Alzheimer’s Disease: Facts Versus Fiction

Older man putting together puzzle shaped as human headThe number of people living with Alzheimer’s disease in the United States is growing rapidly. So, too, are the number of myths surrounding the disease and other forms of dementia. Let’s begin by looking at what we do know about the prevalence of Alzheimer’s before investigating some of the more common myths.

Approximately 5.5 million Americans are currently living with Alzheimer’s disease. Of these, some 5.3 million are 65 years of age or older. In addition:

  • One in 10 people 65 and over has Alzheimer’s disease
  • Nearly two out of three Americans with Alzheimer’s disease are women
  • African-Americans are approximately twice as likely as older Caucasians to have Alzheimer’s or other forms of dementia
  • Hispanics are about one and one-half times as likely to have Alzheimer’s or other dementias as older Caucasians
  • As the population grows older, the number of new cases of Alzheimer’s disease is expected to soar
  • Today, someone in the United States develops Alzheimer’s disease every 66 seconds. By 2050, this figure is likely to increase to one new case every 33 seconds

Now let’s look at some of the most common myths surrounding Alzheimer’s disease and other forms of dementia.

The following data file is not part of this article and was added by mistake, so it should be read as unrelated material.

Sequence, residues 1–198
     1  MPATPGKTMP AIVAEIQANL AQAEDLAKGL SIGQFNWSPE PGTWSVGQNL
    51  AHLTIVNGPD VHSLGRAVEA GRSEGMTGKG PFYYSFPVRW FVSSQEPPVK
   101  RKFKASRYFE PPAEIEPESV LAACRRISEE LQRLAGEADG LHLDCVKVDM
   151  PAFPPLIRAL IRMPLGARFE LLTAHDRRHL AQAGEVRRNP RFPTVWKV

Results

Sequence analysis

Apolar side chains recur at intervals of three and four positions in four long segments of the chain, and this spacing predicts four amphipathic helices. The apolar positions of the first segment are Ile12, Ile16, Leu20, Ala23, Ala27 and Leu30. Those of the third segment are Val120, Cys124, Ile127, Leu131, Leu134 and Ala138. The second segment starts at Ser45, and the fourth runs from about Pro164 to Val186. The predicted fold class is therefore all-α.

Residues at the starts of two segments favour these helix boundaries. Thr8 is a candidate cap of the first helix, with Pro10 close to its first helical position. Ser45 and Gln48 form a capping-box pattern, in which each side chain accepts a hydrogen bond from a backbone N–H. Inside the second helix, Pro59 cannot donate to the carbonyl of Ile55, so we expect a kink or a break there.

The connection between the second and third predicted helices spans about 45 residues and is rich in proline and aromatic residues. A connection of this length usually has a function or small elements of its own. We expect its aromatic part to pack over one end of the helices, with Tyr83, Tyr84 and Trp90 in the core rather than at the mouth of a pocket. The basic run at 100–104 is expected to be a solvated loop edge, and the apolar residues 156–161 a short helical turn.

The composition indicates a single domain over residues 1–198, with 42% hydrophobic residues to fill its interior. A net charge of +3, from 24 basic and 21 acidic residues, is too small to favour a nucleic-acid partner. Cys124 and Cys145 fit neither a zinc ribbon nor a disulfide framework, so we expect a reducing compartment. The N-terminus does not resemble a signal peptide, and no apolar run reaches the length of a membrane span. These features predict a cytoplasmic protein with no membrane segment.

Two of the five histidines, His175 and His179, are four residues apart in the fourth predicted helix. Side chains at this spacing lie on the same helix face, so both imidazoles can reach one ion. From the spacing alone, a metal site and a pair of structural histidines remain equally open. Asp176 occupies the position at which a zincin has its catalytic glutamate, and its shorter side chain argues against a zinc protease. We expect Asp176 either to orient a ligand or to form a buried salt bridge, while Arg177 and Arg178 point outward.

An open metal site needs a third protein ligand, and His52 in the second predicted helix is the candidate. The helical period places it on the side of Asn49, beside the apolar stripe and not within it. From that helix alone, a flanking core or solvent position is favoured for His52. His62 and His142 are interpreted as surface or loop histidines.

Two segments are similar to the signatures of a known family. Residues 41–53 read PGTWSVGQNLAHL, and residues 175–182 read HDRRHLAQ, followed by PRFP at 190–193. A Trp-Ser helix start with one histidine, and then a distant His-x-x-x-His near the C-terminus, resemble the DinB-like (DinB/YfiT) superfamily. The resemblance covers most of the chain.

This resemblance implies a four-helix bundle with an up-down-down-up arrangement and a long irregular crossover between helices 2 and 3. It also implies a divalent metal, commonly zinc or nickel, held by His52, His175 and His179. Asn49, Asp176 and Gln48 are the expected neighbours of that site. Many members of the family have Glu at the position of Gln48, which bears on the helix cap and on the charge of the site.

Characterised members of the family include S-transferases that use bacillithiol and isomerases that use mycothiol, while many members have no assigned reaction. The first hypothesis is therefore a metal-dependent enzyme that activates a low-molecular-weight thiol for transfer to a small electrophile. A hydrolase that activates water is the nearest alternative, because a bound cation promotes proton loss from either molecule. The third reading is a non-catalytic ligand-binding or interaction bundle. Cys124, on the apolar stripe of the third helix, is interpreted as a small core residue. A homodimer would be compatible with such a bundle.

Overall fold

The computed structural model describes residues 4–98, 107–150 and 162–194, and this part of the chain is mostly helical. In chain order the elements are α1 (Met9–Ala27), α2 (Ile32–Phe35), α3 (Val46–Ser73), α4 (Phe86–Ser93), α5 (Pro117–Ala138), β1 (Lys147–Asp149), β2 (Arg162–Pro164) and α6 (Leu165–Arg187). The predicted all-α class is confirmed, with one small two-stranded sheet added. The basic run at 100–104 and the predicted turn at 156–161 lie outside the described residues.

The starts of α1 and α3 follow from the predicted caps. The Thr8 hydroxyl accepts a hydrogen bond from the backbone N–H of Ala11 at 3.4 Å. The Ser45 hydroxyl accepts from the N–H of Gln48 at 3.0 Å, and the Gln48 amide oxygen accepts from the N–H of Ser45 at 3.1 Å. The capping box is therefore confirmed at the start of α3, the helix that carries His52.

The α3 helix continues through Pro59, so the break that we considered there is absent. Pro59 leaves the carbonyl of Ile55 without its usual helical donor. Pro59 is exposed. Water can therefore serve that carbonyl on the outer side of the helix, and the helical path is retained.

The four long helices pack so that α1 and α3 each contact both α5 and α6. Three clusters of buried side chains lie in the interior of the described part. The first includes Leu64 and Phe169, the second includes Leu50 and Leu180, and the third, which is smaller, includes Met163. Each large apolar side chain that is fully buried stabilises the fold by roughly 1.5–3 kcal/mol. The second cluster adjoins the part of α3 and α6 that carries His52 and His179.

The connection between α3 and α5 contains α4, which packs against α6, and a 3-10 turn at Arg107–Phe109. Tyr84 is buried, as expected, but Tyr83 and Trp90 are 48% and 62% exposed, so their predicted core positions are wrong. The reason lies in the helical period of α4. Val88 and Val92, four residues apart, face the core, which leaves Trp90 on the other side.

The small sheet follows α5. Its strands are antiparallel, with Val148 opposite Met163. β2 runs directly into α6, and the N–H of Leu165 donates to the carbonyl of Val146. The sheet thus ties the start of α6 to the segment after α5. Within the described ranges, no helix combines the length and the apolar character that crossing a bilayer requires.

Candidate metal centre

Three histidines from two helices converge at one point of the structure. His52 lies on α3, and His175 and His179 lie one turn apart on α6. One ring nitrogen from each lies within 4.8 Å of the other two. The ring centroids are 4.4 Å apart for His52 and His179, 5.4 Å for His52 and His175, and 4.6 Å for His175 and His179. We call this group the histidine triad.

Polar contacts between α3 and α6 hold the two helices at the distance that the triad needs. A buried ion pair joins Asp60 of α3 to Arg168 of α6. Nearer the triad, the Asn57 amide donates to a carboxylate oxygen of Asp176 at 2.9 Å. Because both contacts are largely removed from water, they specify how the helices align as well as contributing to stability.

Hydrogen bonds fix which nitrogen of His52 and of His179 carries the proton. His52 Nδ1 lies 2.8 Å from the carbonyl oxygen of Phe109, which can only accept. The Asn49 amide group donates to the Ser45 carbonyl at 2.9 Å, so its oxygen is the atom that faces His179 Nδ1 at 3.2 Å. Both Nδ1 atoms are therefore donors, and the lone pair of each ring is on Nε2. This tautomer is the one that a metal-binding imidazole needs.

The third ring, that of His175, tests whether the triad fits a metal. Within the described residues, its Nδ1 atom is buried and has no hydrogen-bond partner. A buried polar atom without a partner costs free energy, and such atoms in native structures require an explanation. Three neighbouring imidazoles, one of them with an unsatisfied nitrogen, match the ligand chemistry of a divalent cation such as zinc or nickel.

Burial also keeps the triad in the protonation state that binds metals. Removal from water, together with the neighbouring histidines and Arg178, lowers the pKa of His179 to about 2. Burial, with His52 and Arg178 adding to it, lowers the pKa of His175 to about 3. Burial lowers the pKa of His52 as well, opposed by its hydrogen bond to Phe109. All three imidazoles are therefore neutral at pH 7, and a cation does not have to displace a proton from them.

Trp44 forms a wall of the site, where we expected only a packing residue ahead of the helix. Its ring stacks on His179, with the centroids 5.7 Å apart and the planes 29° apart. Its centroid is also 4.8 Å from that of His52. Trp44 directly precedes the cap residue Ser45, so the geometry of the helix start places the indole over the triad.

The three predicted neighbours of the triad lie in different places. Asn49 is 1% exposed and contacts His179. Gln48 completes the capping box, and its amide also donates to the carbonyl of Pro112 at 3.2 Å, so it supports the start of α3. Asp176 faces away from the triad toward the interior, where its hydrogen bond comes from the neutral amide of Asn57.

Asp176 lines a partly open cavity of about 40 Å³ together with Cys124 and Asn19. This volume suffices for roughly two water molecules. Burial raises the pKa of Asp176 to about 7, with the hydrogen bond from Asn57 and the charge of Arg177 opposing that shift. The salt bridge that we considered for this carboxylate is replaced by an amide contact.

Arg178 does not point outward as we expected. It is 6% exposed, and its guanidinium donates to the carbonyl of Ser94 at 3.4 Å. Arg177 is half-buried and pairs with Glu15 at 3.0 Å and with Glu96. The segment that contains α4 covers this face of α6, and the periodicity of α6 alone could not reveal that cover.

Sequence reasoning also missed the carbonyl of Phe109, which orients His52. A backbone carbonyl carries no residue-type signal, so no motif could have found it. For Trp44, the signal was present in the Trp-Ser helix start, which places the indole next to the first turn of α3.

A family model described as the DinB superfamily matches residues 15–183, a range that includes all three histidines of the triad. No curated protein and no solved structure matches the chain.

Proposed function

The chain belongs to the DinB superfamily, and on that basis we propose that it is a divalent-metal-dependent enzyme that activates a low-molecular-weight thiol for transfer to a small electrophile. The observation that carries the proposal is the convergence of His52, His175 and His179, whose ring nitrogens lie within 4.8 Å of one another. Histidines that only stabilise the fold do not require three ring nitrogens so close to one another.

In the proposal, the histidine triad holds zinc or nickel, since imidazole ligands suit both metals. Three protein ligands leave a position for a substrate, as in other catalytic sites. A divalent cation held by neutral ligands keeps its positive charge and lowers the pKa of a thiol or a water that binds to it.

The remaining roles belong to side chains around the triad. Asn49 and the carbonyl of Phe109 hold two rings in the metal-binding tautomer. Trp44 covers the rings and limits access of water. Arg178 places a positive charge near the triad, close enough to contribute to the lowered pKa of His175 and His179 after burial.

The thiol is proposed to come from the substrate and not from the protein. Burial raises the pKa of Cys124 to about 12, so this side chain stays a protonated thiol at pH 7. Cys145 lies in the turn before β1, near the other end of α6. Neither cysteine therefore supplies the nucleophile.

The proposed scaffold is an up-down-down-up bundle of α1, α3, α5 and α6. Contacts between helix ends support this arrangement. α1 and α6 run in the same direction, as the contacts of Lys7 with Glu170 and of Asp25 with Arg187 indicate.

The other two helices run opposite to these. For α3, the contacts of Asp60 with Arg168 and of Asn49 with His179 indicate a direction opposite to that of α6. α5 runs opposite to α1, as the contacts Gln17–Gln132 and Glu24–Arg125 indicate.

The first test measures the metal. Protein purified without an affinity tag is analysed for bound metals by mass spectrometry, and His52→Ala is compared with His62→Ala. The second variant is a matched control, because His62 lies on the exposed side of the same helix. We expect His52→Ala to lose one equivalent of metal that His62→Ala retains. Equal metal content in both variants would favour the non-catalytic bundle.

It is entirely natural to lose one’s memory

While it is normal to have occasional memory loss as one grows older, Alzheimer’s is a disease that causes brain cells to malfunction and ultimately die. When this occurs, a person may forget things as basic as the name of a close, longtime friend or how to return to a home they have resided in for decades. If you or someone you love is experiencing frequent memory lapses or other problems with thinking and learning, contact a physician. Sometimes these problems are caused by side effects to medication, vitamin deficiencies or other conditions that can be reversed with treatment. The Alzheimer’s Association has developed information to help you tell the difference between “normal” memory loss and Alzheimer’s disease. You can access this information by visiting

Alzheimer’s disease is not fatal

Sadly, Alzheimer’s disease does not leave any survivors. It destroys brain cells and causes changes to memory, behavior and bodily functions. It slowly and painfully robs a person of his or her identity, capacity to connect with others, think, talk, walk, eat and more.

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